Ullswater Yacht Club : How I came to sail on Ullswater by Liz Amos
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Home > Our Club > How I learned to sail... > How I came to sail on Ullswater by Liz Amos

How I came to sail on Ullswater by Liz Amos

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At the age of 11 I discovered Arthur Ransome's Swallows and Amazons and decided, without ever having set foot in a sailing dinghy, that sailing was my sport and I would do anything to learn. After a few years of endless daydreaming and poring over books, one entitled (much to my disgust) Sailing for Boys, my parents sent me on a course at Emsworth Sailing School, run by 'Crab' Searle (does anyone remember him?). A couple of years later my mother bought us teenagers a Heron dinghy, which we sailed on the sea at Hythe (Kent). It was either blowing a gale and we were upside down in the water, or flat calm and we weren't going anywhere.

At this point young romance intervened, when Charles, a keen skier came on the scene. We agreed to learn each others' sport, so I learnt to ski pretty quickly and somehow sailing was put to one side. Marriage, being a farmer's wife and three children came next, but once the children could all swim we thought about sailing again. This time it was a Wayfarer on a gravel pit near Canterbury great fun for the adults but not always enjoyed by the youngsters unless we invited a few of their friends and took a 'shore-minder' with us.

Then came our first visit to Ullswater. Some friends living in Northern Ireland had the use of a boat on the lake and said 'Why don't you meet us with your boat for a holiday?' We towed the Wayfarer to Cumbria, via Somerset (can't think why we did that), and stayed at Land Ends, sailing from The Spit at Glenridding with Tony Longworth. Later, when we bought a holiday cottage at Keld, the Wayfarer stayed in Cumbria and was sailed by us whenever we could get away from Kent. We also ventured into the Mediterranean on the first of many flotilla sailing holidays. After the Wayfarer was sold we were without a boat until we came to live permanently in Cumbria.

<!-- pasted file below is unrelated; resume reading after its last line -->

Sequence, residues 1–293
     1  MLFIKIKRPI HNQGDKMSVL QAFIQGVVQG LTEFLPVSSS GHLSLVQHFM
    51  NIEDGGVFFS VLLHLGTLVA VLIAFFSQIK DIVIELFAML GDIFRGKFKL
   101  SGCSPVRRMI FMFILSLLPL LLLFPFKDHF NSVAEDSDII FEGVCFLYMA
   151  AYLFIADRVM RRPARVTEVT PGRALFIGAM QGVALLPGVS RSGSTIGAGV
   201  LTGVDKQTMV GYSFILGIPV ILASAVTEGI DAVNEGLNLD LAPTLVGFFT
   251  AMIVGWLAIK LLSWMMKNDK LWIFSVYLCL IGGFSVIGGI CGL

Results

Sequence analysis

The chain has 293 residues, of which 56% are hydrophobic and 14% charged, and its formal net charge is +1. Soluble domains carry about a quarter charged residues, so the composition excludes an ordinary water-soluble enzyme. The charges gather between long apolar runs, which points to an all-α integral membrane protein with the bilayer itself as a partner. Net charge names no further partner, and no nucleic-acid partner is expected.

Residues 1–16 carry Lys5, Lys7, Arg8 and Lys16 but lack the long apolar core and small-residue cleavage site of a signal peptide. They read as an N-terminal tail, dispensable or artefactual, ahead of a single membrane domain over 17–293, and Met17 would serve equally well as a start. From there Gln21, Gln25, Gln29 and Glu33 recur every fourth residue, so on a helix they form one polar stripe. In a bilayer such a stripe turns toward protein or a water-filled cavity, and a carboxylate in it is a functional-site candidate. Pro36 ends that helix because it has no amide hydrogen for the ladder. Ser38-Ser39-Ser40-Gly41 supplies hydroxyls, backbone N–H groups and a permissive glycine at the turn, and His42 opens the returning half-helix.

A visit to the same friends, now living in Italy overlooking Lake Maggiore where their cruiser was moored, convinced us we should get back to sailing. A quick visit to Ullswater Yacht Club was made and before you could blink Bill Powton had arranged for us to buy Terry Fisher's 'bumble bee'. We sailed her from Sharrow Bay, mostly down the lake where we couldn't be seen making idiots of ourselves, for a couple of years until we felt brave enough to join Poets, where we trailed happily along in last place.

The following spring, after an outing in Alan Thomson's new Etap (sail number 273 and still in the Club), the skipper decided we must have one. The offspring were persuaded that some of their inheritance should be spent on a 30 th wedding anniversary present, and Dilemma, so named because we didn't know whether we should spend all that money and then when we had, we couldn't think what to call her, was launched in 1999.

When Charles died in 2006 I was determined to carry on sailing, and became Dilemma's skipper. Benson Adams came to crew for me in Poets we started every race fuelled by one of his extra strong mints and when Harry came on the scene we taught him to sail.

The highlights of my sailing career? Bob Noble telling me he'd heard that I had been hiding my sailing light under a bushel, and coming 2 nd in a Ladies Race.

Harry adds: When I first met Liz she asked me if I would like to learn to sail? An enthusiastic yes from me. Then I asked her if she would like to learn to play golf? A very emphatic no from her. So we're both happy. Now that she's bought an electric motor for Dilemma I am hoping she will buy me one for the tender.

- Liz Amos

Pictured: Liz sailing the Wayfarer off Glenridding, with daughter Becky crewing, in 1983. Liz sailing in 1983. Dilemma sailing in the 50th Birkett, Harry on the helm with Liz in charge of the gennaker (doing what it should for once!)

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Last updated 14:13 on 9 May 2020

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